Black Lives Matter: Boston Racism: Cops, Feds, and Media : Part 6 of 10

(!) StranglerI’ll get to the Boston Strangler in a minute but I want you to pause and think of what would have happened had black lives mattered back in 1968 when Dixon, Barrett and Smith were murdered. A half decent investigation very well could have solved those murders. There were clues everywhere. The FBI very likely knew the whole story.

Flemmi would have caved under a little pressure from the police. He would have put Martorano in the jackpot and into the can for life. Without Martorano on the street at least a dozen lives would have been spared. He was the guy putting the gun up against everyone’s head and pulling the trigger. Even barbaric Flemmi might have gone away for a bit as an accessory. Think of how many other lives that would have saved.

But again maybe that never would have happened. After Steve Flemmi was an FBI top-level informant. He would have received the FBI’s protection. The FBI had no problems with weighing the value of three black lives against keeping its informant on the street. Over and over it has done that when it came to protecting its top-level informants. Think of how many lives have been lost because of that!

To see if black lives mattered I examined the response and reaction to the Boston Strangler case which I am sure most of you remember or have heard about and compared it to what happened in the case of the 11 black women which I feel certain few remember.

Many believe the Boston Strangler was Albert DeSalvo. Other than his confession little evidence was found to implicate him. It is unclear how many murders the Strangler committed. Some say 13,  others much less. The truth will never be known. I suggest the Strangler murdered at least five because the M.O. in those cases were similar. Middle aged to elderly white women in Boston strangled with a nylon stocking and sexually assaulted in their own apartments. Others were more or less similar. The last victim, 19 year-old Mary Sullivan  lived in the area the Strangler operated in. She was unlike the others who were middle-aged or over. DNA found on her allegedly matched DiSalvo.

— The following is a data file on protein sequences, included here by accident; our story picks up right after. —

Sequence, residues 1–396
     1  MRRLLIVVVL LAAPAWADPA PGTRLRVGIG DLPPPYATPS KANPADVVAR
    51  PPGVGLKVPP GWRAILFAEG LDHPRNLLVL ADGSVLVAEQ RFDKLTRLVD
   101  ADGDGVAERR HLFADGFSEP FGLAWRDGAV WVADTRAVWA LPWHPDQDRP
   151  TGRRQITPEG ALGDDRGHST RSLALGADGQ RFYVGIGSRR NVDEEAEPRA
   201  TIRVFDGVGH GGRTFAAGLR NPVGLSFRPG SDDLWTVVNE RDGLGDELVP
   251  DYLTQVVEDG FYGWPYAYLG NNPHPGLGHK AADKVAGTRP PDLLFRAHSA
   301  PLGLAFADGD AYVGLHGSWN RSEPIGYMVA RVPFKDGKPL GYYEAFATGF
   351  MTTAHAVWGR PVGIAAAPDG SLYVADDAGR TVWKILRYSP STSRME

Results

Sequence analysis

A black woman Modiste Freeman was thought to be the sixth victim. She was eliminated in part because the other five victims: “were white” . . . “were killed in their apartments” while Ms Freeman was attacked on the street  . . . were “much older” . . .and unlike Ms Freeman not mutilated.

Whether he murdered six, or eight, or even thirteen is not the point. It was the headlines and response to these deaths that is significant. The first four murders were in June, 1962, then two in August, and two in December. The latter five in March, May, September of 1963 and January 1964.

Headlines were: August 1962: “Phantom Strangler Kills Sixth Woman;” October 1962: New Strangling Victim Found in South End Alley;  December 1962: “1st and 7th Strangling Only Few Blocks Apart.; November, 1963: “Lawrence Woman, 23, Is 11th Strangle Victim; 

On September 3, 1962, the Boston police announced that they had 55 investigators working around the clock to solve the case “before the crazed strangler strikes again.” Now they were going to nearly triple the number to 150 detectives working in three shifts. At that time there were five known strangulations attributed to the strangler A year later on September 15, 1960, the headlines read: 9 Stranglings Still Unsolved – – And Circle of Fear Widens.” That story told about Evelyn Corbin, 50, killed in her Salem apartment with two nylon stockings. The article noted “Locksmiths have reported booming business lately.”  The Boston police still had 25 detectives working the case every day.  

One detective interviewed on the radio suggested that women on returning home to their apartments leave the door open when they first enter to ensure the Strangler was not hiding there so if he was they could quickly flee. He was asked if that was a good idea if the Strangler was hiding on the outside or followed her home.